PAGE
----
Marketers love to create new terms to explain their work. From “brand advocacy” to CPA, CPM, CPE and the myriad of acronyms that fill the digital marketing landscape, we’ll turn almost any new business practice into a marketable term.
What, then, to call the phenomenon of once beloved — or, at least, begrudgingly tolerated — affiliates being shunned by the very industry that fervently embraced them? As the performance marketing industry matures, and as brands seek more sophisticated and legitimate agencies and affiliates to manage their online marketing campaigns, are we entering a period of “Online Darwinism”?
I believe that is exactly what is occurring in performance marketing.
With apologies to Charles Darwin and his Theory of Evolution, my embrace of the Online Darwinism Theory, a concept I developed after watching so many affiliates drop like flies in recent months, encapsulates my views of the evolution of digital media and the revolution in digital media providers.
This theory reasons that reputable and ethical affiliate marketers will survive while unscrupulous ones will go the way of the dodo. There will be more business for great companies that evolve wisely based on clear, measurable objectives that meet clients’ digital-media challenges. Media pricing will become more realistic as delusional “get-rich-quick” companies continue to exit. All of which leads to more accurate and strategic planning for advertisers who have marketing dollars to spend.
Dramatic changes have occurred over the last decade in the digital media and online marketing industries. From email and display advertising, the focus shifted to search and pop-ups; co-reg, incent and paid search got their due focus, and now, everyone’s mind (and marketing spend) is on social media. Encircling these changes was the evolution of smartphones, followed by the rise of the tablet.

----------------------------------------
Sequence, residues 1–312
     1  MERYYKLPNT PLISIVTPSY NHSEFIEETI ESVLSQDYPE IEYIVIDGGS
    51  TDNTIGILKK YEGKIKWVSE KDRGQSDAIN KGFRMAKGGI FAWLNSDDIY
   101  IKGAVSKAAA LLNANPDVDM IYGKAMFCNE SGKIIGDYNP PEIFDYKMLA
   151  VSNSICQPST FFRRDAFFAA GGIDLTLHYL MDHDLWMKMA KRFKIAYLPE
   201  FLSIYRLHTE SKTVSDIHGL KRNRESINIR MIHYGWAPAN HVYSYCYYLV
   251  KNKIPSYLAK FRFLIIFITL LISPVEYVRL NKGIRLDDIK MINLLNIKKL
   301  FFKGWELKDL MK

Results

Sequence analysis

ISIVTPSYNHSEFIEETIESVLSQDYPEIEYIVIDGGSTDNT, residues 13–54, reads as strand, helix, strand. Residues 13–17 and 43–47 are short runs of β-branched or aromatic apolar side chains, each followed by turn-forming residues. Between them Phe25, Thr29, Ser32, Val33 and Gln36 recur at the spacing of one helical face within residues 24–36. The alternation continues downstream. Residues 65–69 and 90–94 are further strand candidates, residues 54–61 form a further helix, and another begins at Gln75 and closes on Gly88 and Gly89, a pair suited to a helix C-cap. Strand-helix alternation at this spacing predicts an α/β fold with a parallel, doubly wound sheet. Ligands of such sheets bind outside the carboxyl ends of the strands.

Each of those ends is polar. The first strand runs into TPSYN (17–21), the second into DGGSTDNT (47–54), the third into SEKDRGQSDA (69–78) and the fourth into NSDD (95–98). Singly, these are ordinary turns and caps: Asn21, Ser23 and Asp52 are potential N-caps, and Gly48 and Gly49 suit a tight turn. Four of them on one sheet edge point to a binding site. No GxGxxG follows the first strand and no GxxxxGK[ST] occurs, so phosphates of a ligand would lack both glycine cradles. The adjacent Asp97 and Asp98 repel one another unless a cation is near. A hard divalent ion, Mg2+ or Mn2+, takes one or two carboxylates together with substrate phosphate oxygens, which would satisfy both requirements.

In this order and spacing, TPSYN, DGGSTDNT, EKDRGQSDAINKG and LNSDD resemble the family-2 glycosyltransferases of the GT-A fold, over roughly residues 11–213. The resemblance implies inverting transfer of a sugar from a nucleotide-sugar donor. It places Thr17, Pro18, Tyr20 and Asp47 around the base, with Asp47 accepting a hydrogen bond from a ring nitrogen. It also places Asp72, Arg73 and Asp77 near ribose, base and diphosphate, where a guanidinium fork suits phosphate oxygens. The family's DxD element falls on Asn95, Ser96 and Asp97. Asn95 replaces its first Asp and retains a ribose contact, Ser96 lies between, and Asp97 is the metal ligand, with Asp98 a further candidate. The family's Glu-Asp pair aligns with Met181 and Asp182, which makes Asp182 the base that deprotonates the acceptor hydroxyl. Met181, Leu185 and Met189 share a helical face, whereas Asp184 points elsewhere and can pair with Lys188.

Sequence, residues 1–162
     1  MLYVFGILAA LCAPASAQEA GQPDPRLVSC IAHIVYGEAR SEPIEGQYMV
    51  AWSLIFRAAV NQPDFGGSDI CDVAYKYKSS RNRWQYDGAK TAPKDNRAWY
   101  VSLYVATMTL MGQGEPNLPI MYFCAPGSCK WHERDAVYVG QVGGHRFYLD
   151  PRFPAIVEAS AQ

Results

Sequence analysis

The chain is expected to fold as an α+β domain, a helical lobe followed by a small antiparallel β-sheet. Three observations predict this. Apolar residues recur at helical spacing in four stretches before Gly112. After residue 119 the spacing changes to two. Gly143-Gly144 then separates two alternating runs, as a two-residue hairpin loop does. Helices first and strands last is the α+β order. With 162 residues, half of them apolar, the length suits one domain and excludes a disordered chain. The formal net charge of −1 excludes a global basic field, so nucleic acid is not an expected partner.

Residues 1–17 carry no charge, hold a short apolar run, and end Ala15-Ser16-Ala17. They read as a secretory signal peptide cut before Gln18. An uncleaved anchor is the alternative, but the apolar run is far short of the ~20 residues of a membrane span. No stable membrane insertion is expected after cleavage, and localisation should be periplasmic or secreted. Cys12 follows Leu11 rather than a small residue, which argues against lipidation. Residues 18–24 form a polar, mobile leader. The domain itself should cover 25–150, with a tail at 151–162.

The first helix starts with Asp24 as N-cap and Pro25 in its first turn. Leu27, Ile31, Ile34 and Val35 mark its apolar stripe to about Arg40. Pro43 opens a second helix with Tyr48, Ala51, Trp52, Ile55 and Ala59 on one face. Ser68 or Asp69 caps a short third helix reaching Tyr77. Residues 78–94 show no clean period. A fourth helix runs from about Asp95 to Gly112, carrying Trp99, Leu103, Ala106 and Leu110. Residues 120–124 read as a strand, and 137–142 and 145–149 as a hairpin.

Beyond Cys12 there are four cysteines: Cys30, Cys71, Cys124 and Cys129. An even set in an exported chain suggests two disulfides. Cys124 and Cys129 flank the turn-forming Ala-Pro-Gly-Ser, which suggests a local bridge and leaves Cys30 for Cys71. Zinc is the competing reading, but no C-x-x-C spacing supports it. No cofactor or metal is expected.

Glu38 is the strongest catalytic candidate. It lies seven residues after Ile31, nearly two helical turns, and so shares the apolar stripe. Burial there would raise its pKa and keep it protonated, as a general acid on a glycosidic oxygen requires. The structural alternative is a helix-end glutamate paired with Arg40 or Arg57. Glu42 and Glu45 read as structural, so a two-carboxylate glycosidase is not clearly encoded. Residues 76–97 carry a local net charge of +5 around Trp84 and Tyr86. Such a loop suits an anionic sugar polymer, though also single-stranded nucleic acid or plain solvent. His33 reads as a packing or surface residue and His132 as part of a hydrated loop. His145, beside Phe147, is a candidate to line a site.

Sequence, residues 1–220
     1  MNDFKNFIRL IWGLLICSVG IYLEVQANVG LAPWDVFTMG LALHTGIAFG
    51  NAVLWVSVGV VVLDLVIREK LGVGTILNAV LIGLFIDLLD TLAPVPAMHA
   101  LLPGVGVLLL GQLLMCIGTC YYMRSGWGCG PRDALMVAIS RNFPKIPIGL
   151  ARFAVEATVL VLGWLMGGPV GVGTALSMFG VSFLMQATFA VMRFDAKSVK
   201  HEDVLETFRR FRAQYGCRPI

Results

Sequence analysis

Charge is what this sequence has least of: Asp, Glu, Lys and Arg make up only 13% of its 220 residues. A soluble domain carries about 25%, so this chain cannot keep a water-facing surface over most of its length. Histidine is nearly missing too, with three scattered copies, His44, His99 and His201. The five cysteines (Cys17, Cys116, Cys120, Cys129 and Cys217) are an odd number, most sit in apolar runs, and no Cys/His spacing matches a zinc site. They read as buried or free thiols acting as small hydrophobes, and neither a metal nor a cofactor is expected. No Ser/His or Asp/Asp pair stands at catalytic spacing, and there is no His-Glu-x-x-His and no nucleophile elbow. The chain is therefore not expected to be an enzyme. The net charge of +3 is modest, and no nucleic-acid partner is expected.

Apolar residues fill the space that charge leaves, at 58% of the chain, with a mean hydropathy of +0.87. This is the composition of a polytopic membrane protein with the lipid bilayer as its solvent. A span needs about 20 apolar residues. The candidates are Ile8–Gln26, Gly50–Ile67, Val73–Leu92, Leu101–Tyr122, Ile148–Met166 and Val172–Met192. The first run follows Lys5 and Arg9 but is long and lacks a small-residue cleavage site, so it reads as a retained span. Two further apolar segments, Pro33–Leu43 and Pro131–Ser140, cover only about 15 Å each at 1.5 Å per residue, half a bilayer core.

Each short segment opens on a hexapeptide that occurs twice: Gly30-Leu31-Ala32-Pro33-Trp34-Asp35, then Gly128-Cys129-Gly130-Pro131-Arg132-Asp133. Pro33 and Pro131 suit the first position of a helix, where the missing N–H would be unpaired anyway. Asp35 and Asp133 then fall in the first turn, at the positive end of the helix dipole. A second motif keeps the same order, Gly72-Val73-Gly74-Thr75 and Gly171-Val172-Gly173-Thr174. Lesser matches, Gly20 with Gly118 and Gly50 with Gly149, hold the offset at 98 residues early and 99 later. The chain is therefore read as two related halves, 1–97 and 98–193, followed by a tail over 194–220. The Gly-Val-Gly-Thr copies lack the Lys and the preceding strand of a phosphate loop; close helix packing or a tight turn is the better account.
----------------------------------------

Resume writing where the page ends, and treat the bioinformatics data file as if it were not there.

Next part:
The Digital Age forced marketers to slowly evolve to find people wherever they consume media. Increasingly, this has been within digital mediums and decreasingly via print, radio, TV and other offline channels.
Life has become a giant skip button. Marketers must engage the consumer precisely in the moment and at the right spot.
Consider this for a moment: 10 years ago, an email submit had a cost-per-acquisition (CPA) of $0.40; high cost-per-click (CPC) bids on Google and Yahoo! were $0.25; and banners converted at 30%. Now email submits average $2 CPA; a highly searched insurance of medical term can carry a $100-plus CPC; and most banners convert at less than 1%.
Media costs are much higher, marketing regulations from media channels and governments around the world have become far more stringent and the marketplace is fragmented. This requires brands and marketers to carefully and judiciously select a handful of areas they want to focus on versus serving as an all-things-to-all-brands generalist.
Given the tougher regulations and market fragmentation, the individuals who have survived to the Digital Age have adapted to the changing markets. Certain characteristics stand out, including multiple streams of revenue, moving into new media channels and partnering with other companies to round out capabilities.
Those who have gone out of business continued to follow a path of risk-laden financial greed, noncompliance and specializing in one area, such as social or email marketing.
My belief in Online Darwinism stems from the excitement I get out of watching digital nature take its course. Despite working in an industry relatively far removed from science, it is clear to me that that basic tenets of Darwin’s Theory of Evolution hold true for performance and online marketing.
The good affiliates will thrive while the bad ones will die off. It’s as simple as that.